Increased glutamate uptake and glutamine synthetase activity in neuronal cell cultures surviving chronic hypoxia

Increased glutamate uptake and glutamine synthetase activity in neuronal cell cultures surviving... To examine the neurochemical effects of chronic hypoxia on immature nervous tissue in vitro, mixed neuronal–glial cell cultures derived from fetal mice were exposed to 5% O2 for 24 or 48 h. Those cultures subjected to longer hypoxia manifested improved neuronal survival compared to those with the shorter insult, both with respect to neuronal morphology and also cell counts. Neurochemical assays were performed on living cells in situ to determine the possible basis for differential cell survival. After both exposure conditions, Ro5–4864‐displaceable benzodiazepine (BDZ) binding, reflecting nonneuronal BDZ binding sites, was either not reduced or was elevated. Although initially reduced, binding of the excitatory amino acid (EAA) glutamate was progressively increased after both insults and, within 2 days after return to normoxia, was increased relative to control values (121 and 128% of controls, P < 0.05). The most impressive neurochemical differences between the two conditions related to changes in the predominantly or exclusively glial functions of glutamate uptake and glutamine synthetase activity. In those cultures with relatively preserved neuronal morphology: 1) high affinity uptake of glutamate was elevated compared to the shorter hypoxic insult by 3 days of recovery (104 vs 70%, P < 0.001) and 2) glutamine synthetase, an enzyme localized primarily within astrocytes, was significantly elevated even when compared to absolute control values (148%, P < 0.001). These data suggest that longer periods of hypoxia may be less deleterious to neurons than shorter hypoxic events because of a time‐dependent stimulation of specific glial cell functions which relate to increased metabolism of potentially neurotoxic EAAs such as glutamate. http://www.deepdyve.com/assets/images/DeepDyve-Logo-lg.png Glia Wiley

Increased glutamate uptake and glutamine synthetase activity in neuronal cell cultures surviving chronic hypoxia

Glia, Volume 3 (5) – Jan 1, 1990

Loading next page...
 
/lp/wiley/increased-glutamate-uptake-and-glutamine-synthetase-activity-in-wfptj3CFLM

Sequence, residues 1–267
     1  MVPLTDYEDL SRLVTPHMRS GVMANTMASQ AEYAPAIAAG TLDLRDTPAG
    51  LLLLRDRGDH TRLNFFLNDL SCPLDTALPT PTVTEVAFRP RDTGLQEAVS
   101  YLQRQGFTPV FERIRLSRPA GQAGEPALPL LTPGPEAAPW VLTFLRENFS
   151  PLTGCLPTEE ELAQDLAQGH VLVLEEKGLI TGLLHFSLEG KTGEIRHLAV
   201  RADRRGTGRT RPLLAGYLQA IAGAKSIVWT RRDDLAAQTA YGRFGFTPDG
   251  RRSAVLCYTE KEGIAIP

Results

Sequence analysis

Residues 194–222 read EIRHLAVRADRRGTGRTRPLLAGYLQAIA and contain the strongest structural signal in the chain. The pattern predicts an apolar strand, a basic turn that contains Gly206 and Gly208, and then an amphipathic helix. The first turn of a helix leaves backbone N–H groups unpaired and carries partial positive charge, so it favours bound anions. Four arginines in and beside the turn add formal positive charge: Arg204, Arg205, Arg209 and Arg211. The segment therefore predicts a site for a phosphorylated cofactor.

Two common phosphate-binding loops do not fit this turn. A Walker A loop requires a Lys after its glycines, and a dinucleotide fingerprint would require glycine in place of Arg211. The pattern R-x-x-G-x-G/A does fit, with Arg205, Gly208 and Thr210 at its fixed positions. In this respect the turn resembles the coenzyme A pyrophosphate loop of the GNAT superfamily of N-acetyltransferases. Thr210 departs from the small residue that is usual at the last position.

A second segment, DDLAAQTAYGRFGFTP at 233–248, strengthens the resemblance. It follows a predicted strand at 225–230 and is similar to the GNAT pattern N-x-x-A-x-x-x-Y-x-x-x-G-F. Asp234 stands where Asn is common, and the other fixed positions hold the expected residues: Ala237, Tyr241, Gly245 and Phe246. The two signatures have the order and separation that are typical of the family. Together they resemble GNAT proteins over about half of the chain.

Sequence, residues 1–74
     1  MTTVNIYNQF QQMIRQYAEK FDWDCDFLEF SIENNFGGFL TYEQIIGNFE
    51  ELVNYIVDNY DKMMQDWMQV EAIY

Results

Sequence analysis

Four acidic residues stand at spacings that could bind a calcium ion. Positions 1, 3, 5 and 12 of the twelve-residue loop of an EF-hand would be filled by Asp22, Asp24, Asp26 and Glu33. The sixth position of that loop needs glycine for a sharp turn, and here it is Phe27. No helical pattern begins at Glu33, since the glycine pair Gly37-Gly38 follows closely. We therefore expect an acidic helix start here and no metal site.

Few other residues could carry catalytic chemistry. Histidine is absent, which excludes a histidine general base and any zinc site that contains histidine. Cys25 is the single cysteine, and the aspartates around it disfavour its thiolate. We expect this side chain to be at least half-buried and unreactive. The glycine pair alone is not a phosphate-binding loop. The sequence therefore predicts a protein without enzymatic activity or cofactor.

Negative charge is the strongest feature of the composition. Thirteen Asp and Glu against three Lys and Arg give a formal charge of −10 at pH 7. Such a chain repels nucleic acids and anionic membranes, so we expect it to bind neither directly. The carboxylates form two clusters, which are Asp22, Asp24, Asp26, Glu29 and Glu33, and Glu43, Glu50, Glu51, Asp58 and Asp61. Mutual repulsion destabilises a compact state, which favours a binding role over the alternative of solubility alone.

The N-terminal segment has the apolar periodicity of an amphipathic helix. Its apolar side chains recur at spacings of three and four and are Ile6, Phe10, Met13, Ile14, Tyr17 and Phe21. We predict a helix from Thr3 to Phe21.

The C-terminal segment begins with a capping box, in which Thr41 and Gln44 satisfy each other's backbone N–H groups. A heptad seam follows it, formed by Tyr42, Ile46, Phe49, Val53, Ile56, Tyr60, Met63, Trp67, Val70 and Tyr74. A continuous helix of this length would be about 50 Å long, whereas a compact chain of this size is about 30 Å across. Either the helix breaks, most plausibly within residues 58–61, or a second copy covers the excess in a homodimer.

Publisher
Wiley
Copyright
Copyright © 1990 Wiley‐Liss, Inc.
ISSN
0894-1491
eISSN
1098-1136
D.O.I.
10.1002/glia.440030506
Publisher site
See Article on Publisher Site

Abstract

To examine the neurochemical effects of chronic hypoxia on immature nervous tissue in vitro, mixed neuronal–glial cell cultures derived from fetal mice were exposed to 5% O2 for 24 or 48 h. Those cultures subjected to longer hypoxia manifested improved neuronal survival compared to those with the shorter insult, both with respect to neuronal morphology and also cell counts. Neurochemical assays were performed on living cells in situ to determine the possible basis for differential cell survival. After both exposure conditions, Ro5–4864‐displaceable benzodiazepine (BDZ) binding, reflecting nonneuronal BDZ binding sites, was either not reduced or was elevated. Although initially reduced, binding of the excitatory amino acid (EAA) glutamate was progressively increased after both insults and, within 2 days after return to normoxia, was increased relative to control values (121 and 128% of controls, P < 0.05). The most impressive neurochemical differences between the two conditions related to changes in the predominantly or exclusively glial functions of glutamate uptake and glutamine synthetase activity. In those cultures with relatively preserved neuronal morphology: 1) high affinity uptake of glutamate was elevated compared to the shorter hypoxic insult by 3 days of recovery (104 vs 70%, P < 0.001) and 2) glutamine synthetase, an enzyme localized primarily within astrocytes, was significantly elevated even when compared to absolute control values (148%, P < 0.001). These data suggest that longer periods of hypoxia may be less deleterious to neurons than shorter hypoxic events because of a time‐dependent stimulation of specific glial cell functions which relate to increased metabolism of potentially neurotoxic EAAs such as glutamate.

Journal

GliaWiley

Published: Jan 1, 1990

References

You’re reading a free preview. Subscribe to read the entire article.


DeepDyve is your
personal research library

It’s your single place to instantly
discover and read the research
that matters to you.

Enjoy affordable access to
over 18 million articles from more than
15,000 peer-reviewed journals.

All for just $49/month

Explore the DeepDyve Library

Search

Query the DeepDyve database, plus search all of PubMed and Google Scholar seamlessly

Organize

Save any article or search result from DeepDyve, PubMed, and Google Scholar... all in one place.

Access

Get unlimited, online access to over 18 million full-text articles from more than 15,000 scientific journals.

Your journals are on DeepDyve

Read from thousands of the leading scholarly journals from SpringerNature, Elsevier, Wiley-Blackwell, Oxford University Press and more.

All the latest content is available, no embargo periods.

See the journals in your area

DeepDyve

Freelancer

DeepDyve

Pro

Price

FREE

$49/month
$360/year

Save searches from
Google Scholar,
PubMed

Create folders to
organize your research

Export folders, citations

Read DeepDyve articles

Abstract access only

Unlimited access to over
18 million full-text articles

Print

20 pages / month

PDF Discount

20% off